Insightful stewardship expressions can be found in any number of poems we read reflectively. In the poem Messenger for instance, the poet Mary Oliver writes: “My work is loving the world.”
What does the poet mean by her use of the word “work” in relationship to “loving.” How can Christian stewards make prayerful use of this reflection during the season of Lent?
The forty days of Lent provide stewards with a marvelous opportunity to evaluate the nature of our life’s “work.” Being reminded to take a meaningful and substantive spiritual “pause” in our lives for forty days is a gift in itself. Sometimes, we have good intentions to improve our spiritual lives. But we tend to put it off. The season of Lent begins by reminding us of the brevity of our lives, and then presents us with the immediacy of forty days to focus more intensely on our life in Christ. This is the first step toward embracing Christian stewardship as a way of life.
It’s a good number, forty days; good enough to provide structure to help us open our hearts to conversion as we examine just what our “work” in this world should genuinely be about. As we imagine that Jesus must have done in the desert for forty days, we have the opportunity to examine our lives and vocation, as well as our strengths, weaknesses and temptations.
Oliver probably realizes that if most of us are asked what our “work” is, we would reply with a description of how we earn our paycheck or take care of our family. In a sense, this is correct. We all have to support ourselves and provide for our families. Oliver would hardly reject that necessity. But her poem also suggests that, no matter how we spend our lives, there must be a deeper dimension to our life’s purpose; a way of engaging the world with our loving presence. Indeed, there is a Catholic worldview that encourages us to pray for and to act in ways that make a difference in a world that is hungry for Christ’s love.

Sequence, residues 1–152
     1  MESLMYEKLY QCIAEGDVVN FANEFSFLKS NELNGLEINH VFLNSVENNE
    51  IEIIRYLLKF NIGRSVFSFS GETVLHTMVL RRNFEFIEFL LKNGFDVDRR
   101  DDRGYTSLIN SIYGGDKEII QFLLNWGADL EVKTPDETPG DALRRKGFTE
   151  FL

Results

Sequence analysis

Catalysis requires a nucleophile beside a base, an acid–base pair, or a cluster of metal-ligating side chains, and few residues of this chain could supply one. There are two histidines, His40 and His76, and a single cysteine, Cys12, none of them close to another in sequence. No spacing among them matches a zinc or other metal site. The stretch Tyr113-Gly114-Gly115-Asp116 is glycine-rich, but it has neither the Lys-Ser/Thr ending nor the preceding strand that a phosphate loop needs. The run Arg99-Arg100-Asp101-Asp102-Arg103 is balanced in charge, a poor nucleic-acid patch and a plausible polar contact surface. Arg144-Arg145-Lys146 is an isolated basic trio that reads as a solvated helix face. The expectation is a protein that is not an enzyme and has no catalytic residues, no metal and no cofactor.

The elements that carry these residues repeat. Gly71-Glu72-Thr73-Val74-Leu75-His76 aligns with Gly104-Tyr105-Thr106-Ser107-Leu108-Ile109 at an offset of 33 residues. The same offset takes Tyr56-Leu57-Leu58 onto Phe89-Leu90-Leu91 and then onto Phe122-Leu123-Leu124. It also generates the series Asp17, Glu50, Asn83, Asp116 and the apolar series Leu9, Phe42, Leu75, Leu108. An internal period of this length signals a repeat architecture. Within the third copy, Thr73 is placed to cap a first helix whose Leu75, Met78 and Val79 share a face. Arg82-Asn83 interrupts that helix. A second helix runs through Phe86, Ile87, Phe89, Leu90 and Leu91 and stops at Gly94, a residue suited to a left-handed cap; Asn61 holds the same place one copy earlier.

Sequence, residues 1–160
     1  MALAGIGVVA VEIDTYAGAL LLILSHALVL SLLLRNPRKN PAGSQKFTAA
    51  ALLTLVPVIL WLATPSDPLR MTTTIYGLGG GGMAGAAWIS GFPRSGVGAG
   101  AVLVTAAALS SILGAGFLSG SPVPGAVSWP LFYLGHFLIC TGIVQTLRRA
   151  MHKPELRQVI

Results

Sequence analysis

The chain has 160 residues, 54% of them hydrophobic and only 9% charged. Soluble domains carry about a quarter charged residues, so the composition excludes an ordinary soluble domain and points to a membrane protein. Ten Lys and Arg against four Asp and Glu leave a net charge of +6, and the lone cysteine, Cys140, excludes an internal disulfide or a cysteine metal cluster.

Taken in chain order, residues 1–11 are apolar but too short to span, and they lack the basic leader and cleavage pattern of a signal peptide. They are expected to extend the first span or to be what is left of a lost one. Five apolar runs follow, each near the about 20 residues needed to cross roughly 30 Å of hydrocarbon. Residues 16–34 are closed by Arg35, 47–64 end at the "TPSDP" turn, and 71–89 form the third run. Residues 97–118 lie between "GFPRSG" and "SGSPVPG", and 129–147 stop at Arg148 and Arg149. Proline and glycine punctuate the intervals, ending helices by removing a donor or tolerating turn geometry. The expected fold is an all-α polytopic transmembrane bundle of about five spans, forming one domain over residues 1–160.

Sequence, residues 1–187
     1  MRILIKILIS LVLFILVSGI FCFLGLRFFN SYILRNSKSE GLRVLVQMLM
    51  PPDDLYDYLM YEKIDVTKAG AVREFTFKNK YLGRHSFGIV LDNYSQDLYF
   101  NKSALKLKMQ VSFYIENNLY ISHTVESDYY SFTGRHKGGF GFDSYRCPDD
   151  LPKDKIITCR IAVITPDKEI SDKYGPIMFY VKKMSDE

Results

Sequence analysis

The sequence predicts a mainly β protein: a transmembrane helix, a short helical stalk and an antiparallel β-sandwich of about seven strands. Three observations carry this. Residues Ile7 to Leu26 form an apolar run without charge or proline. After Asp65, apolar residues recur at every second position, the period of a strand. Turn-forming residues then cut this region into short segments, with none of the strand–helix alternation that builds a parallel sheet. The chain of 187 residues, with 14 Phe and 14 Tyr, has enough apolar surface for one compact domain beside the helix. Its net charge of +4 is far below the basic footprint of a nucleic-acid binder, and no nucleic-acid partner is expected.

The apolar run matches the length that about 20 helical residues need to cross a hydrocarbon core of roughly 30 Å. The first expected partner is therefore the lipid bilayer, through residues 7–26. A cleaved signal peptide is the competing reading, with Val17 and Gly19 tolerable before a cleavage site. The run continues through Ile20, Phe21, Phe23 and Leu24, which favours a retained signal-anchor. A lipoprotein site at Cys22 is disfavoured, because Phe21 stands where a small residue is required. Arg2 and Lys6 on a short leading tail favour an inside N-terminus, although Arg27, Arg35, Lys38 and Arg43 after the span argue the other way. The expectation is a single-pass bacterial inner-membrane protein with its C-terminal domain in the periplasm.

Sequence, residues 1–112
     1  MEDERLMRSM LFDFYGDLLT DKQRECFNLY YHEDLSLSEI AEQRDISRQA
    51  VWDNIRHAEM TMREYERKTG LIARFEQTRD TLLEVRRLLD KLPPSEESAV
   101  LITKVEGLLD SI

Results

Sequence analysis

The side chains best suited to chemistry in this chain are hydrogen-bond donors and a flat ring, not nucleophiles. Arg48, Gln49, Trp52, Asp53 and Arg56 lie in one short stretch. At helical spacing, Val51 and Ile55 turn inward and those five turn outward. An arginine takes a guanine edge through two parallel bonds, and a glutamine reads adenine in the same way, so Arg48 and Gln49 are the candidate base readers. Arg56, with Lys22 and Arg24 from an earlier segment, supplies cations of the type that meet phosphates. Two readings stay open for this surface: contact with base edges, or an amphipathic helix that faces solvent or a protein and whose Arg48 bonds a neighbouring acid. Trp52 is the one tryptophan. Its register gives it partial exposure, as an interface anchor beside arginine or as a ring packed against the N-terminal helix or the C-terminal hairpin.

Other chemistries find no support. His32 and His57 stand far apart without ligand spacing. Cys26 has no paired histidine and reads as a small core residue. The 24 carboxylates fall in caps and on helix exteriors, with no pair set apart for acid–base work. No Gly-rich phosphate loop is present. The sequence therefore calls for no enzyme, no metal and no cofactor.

For Christian stewards, bringing Christ’s loving presence into our work and our workplace is necessary in order to live in the world as disciples of the Lord. It is key to living the Christian life in our world today.
The very word “work” connotes a certain dedication and commitment, indeed a certain obligation. This rings true in Oliver’s simple line. As Christian stewards, we have a fundamental obligation to love and embrace the world as ambassadors of Christ. The season of Lent provides us with a singular opportunity to examine how well we’re doing and to make an even greater commitment to exercising good stewardship of all the Lord has entrusted to us.
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